Having seen “The Trip to Bountiful” on Broadway a few years ago, Barbara Howard immediately saw herself in the role of Carrie Watts.
“I enjoy doing roles that people can identify with,” said Howard, an Albany resident who will be in the Capital Repertory Theatre production of Horton Foote’s classic story beginning Friday and running through May 15. “I like doing characters that people can see a little bit of themselves in.”
‘The Trip to Bountiful’
WHERE: Capital Repertory Theatre, 111 North Pearl St., Albany
WHEN: Previews Friday through Sunday; opens Tuesday and runs through May 15; show times vary
HOW MUCH: $55-$16
MORE INFO: 445-7469, www.capitalrep.org
A sixth grade teacher at Arbor Hill Elementary School, Howard was thrilled with Cicely Tyson’s Tony Award-winning performance as Watts in 2013. Foote’s work was originally a teleplay from 1953 starring the legendary Lillian Gish before it moved to the stage. Geraldine Page won an Oscar for her portrayal of Carrie in the 1985 film version.
“I saw the movie but I only faintly remember it because it was such a long time ago,” said Howard. “The stage version was amazing, and I love Cicely Tyson anyway. Her character is wonderful because you can see her weaknesses and her triumphs. People can look at parts of that character and say, ‘oh, that’s me.’ ”
“The Trip to Bountiful” is set in the 1940s in Houston, and centers around Carrie Watts, an elderly woman who wants to visit Bountiful, her childhood hometown. While both her overprotective son and his bossy wife discourage the trip, Carrie forges ahead, deciding to go by bus on her own. On the way, she meets Thelma, a young single woman, and the two develop a close bond as Carrie shares memories with Thelma during the long bus ride.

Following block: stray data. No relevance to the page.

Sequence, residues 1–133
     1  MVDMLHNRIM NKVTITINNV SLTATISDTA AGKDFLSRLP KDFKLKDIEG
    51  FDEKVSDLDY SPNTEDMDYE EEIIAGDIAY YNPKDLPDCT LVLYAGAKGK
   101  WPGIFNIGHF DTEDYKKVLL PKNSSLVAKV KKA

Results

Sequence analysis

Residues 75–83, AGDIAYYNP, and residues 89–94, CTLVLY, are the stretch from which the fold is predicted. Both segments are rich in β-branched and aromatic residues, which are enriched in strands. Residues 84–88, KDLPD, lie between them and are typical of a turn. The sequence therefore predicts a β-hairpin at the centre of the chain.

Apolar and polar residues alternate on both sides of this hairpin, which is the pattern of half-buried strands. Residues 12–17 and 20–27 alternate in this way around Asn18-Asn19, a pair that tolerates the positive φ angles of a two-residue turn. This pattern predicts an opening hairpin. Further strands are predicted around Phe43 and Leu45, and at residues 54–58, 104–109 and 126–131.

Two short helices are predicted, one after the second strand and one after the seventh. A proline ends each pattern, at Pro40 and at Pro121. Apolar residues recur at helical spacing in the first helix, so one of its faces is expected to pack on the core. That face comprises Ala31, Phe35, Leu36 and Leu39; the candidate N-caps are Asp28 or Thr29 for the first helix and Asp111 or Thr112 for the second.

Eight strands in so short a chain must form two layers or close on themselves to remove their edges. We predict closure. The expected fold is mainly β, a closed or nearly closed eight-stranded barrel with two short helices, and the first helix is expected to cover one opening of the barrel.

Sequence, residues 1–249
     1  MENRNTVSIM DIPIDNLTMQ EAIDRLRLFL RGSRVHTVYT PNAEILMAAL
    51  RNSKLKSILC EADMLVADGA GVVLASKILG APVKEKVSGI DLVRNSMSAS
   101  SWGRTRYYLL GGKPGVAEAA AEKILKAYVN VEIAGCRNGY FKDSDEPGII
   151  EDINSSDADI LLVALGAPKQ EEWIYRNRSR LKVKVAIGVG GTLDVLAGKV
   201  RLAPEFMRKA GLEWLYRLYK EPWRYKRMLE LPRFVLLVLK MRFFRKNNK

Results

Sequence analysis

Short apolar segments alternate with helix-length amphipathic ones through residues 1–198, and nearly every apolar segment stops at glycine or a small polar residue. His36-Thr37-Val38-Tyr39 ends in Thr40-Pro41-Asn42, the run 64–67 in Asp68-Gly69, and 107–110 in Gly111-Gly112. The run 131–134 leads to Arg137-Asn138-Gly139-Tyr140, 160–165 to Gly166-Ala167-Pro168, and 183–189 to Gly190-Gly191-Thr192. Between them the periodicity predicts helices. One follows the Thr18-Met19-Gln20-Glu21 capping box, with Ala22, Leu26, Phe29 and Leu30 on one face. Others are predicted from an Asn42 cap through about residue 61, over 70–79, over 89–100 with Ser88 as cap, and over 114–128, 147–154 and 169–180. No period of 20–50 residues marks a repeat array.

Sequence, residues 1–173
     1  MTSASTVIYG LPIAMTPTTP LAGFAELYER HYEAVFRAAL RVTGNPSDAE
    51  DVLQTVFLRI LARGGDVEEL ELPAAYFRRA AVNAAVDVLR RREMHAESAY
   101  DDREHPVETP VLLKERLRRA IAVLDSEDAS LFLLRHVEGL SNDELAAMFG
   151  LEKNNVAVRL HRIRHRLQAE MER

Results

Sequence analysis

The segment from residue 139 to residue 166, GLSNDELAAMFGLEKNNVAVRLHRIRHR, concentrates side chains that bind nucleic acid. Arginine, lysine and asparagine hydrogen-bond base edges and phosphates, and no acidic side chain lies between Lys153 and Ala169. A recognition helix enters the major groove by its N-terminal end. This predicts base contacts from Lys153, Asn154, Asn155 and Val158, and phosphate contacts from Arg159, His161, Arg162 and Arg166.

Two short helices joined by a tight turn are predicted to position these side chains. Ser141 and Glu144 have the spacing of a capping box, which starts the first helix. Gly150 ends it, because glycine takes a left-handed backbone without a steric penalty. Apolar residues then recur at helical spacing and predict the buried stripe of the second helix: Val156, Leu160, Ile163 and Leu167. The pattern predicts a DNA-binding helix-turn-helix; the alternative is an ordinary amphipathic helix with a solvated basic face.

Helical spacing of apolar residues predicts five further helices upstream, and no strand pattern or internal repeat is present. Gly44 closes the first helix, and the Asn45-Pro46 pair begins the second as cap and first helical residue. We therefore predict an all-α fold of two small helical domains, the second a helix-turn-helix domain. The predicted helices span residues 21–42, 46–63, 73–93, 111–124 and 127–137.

The Capital Rep production is being directed by Maggie Mancinelli-Cahill, and also stars Kevin Craig West as Ludie, Sadrina Renee as Jessie Mae and Sheilah London as Thelma.
“It tugs at your heart,” said Mancinelli-Cahill, also Capital Rep’s producing artistic director. “A lot of people can relate to this show. It’s about what happens when who you are doesn’t really matter anymore.”
The show is Howard’s first at Capital Rep and is helping her qualify for her Actor’s Equity Card. She won a Theatre Association of New York Award for her 2013 performance in “Raisin in the Sun” for Our Own Productions, and she also drew rave reviews for her work in “Caroline, Or Change” for the Schenectady Civic Players last year.
“Working at Capital Rep is certainly a challenge, but it’s a challenge I’m really enjoying,” said Howard. “All the people I’ve met there are so helpful. It’s a real family, and you know that everyone over there is so dedicated to each craft that they’re involved in. It’s so rewarding to be able to be a part of such a beautiful atmosphere.”
Foote, who died in 2009 just shy of his 93rd birthday, is often referred to as the “American Chekhov.” He won his first Oscar in 1962 for his screen adaptation of Harper Lee’s novel, “To Kill a Mockingbird,” which starred Gregory Peck, and then “Tender Mercies” with Robert Duvall in 1983 earned him his second Oscar, this one for original screenplay. In 1995 he won a Pulitzer for his play, “The Young Man from Atlanta.” While he’s had nine plays produced on Broadway, he’s only had one Tony Award nomination (for “The Young Man from Atlanta”). Most of his plays are better suited for small, intimate venues, and many of his works continue to be a staple for off-Broadway and regional theaters around the country.
“He captures small-town life with a loving palette,” Mancinelli-Cahill said of Foote.
Reach Gazette reporter Bill Buell at 395-3190 or [email protected]
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